cookbooks

Doughnuts. Mrs. G. H. Wright. Recipe

History of Doughnuts:

Doughnuts, also known as donuts, are a beloved sweet treat that have been enjoyed for centuries. The origins of this delightful pastry can be traced back to early Dutch settlers in America, who brought with them a pastry known as "olykoeks," which translates to "oily cakes." These olykoeks were balls of sweet dough that were deep-fried in animal fat.

Over time, the olykoeks evolved into the modern-day doughnuts we know and love. The name "doughnut" came about in the early 19th century when a New England ship captain's mother made him deep-fried dough with a hole in the center to ensure it cooked evenly. Her son referred to them as "doughnuts," and the name stuck.

Fun Facts about Doughnuts:

1. National Doughnut Day is celebrated in the United States on the first Friday of June. It was established in 1938 to honor the Salvation Army Lassies, who served doughnuts to soldiers during World War I.

2. The world's largest doughnut, weighing a whopping 1.7 tons, was created in 1993 in Utica, New York.

3. The Guinness World Record for the most doughnuts eaten in three minutes without using hands is held by Patrick Bertoletti, who consumed 13 doughnuts in that time period.

4. Doughnuts are popular in many cultures around the world. In Poland, they are called "pączki" and are traditionally consumed on Fat Tuesday. In India, they are known as "vada" and are a popular street food.

Recipe for Mrs. G. H. Wright's Doughnuts:

Ingredients:
- 1 cup sugar
- 1 cup sour milk
- 1 level teaspoon soda combined with milk
- 2 eggs
- Butter or lard the size of a small egg
- A little nutmeg
- A pinch of salt
- Flour for rolling out
- Lard for frying

Instructions:
1. In a mixing bowl, combine the sugar and sour milk. Stir until the sugar is dissolved.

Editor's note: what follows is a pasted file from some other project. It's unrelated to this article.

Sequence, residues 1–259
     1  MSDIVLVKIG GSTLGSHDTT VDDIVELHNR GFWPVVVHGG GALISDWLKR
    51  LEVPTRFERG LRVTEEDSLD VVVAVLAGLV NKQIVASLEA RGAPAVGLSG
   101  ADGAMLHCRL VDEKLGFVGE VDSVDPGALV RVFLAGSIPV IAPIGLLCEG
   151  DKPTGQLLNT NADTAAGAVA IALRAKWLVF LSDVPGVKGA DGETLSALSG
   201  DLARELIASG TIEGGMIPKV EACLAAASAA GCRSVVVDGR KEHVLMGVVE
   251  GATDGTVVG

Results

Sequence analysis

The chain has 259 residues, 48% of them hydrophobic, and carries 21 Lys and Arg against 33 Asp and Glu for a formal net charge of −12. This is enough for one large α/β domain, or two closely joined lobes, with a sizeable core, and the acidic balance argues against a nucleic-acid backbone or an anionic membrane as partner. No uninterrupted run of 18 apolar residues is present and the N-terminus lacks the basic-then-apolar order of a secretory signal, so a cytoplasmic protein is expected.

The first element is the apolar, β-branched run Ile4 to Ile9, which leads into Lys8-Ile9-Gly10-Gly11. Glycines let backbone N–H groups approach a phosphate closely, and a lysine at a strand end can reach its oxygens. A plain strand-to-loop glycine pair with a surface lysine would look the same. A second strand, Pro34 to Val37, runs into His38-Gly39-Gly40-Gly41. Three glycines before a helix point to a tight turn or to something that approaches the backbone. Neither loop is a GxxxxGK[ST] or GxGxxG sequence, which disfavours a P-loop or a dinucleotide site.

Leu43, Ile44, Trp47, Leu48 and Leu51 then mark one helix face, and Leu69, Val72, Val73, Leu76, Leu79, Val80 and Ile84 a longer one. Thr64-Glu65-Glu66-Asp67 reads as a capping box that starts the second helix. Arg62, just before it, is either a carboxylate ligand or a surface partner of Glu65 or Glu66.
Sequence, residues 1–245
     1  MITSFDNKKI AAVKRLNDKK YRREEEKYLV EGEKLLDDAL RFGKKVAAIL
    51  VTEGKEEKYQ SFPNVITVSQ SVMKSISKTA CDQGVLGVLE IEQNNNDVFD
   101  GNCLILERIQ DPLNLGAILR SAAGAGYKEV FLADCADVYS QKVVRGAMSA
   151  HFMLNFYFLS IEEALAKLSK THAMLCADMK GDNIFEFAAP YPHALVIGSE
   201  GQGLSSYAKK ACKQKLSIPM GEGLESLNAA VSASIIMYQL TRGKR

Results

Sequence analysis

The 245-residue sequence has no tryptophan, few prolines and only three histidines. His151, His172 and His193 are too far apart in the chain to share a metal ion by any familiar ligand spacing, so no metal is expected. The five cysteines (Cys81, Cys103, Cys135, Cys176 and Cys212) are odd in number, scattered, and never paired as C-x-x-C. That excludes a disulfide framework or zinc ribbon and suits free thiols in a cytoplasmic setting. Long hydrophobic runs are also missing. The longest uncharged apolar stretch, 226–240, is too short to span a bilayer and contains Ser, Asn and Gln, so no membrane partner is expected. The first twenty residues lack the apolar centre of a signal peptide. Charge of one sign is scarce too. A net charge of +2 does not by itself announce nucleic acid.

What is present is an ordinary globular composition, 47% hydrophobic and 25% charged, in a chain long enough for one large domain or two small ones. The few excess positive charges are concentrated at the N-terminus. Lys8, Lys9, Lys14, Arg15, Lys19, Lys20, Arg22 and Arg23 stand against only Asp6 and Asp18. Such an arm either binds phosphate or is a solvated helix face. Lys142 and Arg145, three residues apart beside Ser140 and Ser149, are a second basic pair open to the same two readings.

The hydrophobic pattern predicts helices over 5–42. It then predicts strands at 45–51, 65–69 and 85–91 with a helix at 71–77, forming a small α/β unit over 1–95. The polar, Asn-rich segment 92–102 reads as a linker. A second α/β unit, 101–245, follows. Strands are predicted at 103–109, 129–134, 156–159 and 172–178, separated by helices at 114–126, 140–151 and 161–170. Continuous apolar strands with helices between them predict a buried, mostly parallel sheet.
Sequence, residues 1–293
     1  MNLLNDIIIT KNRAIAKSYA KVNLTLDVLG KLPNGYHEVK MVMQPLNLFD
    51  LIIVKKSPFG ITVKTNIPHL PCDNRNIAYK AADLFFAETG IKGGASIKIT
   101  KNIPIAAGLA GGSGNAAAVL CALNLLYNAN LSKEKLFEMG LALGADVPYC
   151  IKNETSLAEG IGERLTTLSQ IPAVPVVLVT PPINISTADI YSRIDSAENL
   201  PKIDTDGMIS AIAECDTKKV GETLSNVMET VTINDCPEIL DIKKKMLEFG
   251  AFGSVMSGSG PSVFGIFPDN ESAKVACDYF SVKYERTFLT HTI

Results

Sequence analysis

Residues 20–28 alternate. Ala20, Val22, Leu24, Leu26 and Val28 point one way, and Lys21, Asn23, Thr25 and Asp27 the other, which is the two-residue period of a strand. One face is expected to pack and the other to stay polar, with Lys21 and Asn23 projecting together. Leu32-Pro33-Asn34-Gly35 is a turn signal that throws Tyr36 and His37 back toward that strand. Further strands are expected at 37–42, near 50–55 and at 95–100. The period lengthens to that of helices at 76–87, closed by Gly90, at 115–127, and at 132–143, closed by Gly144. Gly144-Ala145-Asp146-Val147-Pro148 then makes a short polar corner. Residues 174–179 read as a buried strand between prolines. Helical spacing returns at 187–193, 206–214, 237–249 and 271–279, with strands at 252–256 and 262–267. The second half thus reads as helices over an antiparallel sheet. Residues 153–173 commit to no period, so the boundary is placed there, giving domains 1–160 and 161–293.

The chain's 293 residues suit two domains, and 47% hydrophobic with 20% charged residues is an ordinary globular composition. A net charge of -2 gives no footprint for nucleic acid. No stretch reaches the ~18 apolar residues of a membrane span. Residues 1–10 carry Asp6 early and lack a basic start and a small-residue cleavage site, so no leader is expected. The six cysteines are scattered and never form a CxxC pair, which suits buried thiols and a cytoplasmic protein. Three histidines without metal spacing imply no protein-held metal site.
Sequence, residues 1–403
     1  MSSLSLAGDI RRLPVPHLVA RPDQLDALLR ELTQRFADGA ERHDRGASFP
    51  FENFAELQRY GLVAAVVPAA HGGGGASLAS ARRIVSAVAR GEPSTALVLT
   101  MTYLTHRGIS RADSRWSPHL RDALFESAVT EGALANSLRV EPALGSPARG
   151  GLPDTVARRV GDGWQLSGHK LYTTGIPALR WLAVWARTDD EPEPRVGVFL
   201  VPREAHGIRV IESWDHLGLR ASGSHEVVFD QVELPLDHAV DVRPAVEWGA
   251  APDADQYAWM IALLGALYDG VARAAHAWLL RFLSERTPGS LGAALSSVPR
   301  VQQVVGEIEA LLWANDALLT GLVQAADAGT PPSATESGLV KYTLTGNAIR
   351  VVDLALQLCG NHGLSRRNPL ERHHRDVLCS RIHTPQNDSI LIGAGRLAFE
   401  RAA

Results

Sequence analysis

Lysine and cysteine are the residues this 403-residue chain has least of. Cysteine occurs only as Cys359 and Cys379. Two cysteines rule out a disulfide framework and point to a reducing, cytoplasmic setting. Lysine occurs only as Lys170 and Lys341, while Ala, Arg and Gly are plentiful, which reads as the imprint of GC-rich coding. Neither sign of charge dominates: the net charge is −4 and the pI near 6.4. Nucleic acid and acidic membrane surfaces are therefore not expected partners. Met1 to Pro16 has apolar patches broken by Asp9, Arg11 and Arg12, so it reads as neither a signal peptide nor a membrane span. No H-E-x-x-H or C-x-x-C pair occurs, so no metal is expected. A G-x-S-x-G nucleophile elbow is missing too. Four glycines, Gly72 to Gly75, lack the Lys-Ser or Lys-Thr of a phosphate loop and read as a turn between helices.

2. In a separate small bowl, dissolve the soda in the milk and add it to the sugar and milk mixture. Mix well.

3. Beat the eggs in a small bowl and add them to the mixture. Stir until well-combined.

4. Melt the butter or lard and add it to the mixture, along with the nutmeg and salt. Mix thoroughly.

5. Gradually add flour to the mixture until a soft dough forms. The amount of flour needed may vary, but it should be enough to roll out easily without sticking.

6. On a lightly floured surface, roll out the dough to a thickness of about half an inch. Use a doughnut cutter to cut out the doughnuts. If you don't have a doughnut cutter, you can use a round biscuit cutter for the outer shape and a smaller one for the center hole.

7. Heat the lard in a deep fryer or a large, deep pot to around 375 degrees Fahrenheit (190 degrees Celsius). Carefully place the doughnuts into the hot lard, frying them until golden brown on each side, approximately 2-3 minutes per side.

8. Once fried, remove the doughnuts from the lard and place them on a paper towel-lined plate to drain excess oil.

9. Optionally, you can glaze or sugarcoat the doughnuts while they are still warm. Traditional glazes include chocolate, vanilla, or maple, while sugarcoating involves rolling the warm doughnuts in granulated or powdered sugar.

10. Serve the doughnuts warm and enjoy!

Similar Doughnut Recipes:

1. Cake Doughnuts: These doughnuts are made with a cake-like batter and are often topped with a glaze or powdered sugar.

2. Filled Doughnuts: These doughnuts have a hollow center that is filled with various fillings such as fruit preserves, chocolate, or cream.

3. Yeast-Raised Doughnuts: These doughnuts are made with a yeast-based dough that requires rising time. They have a light and fluffy texture.

4. Old-Fashioned Sour Cream Doughnuts: These doughnuts are made with sour cream in the batter, giving them a rich and tangy flavor.

Remember to have fun while making these delicious doughnuts, and feel free to experiment with different flavors and toppings to create your own unique twist. Enjoy!

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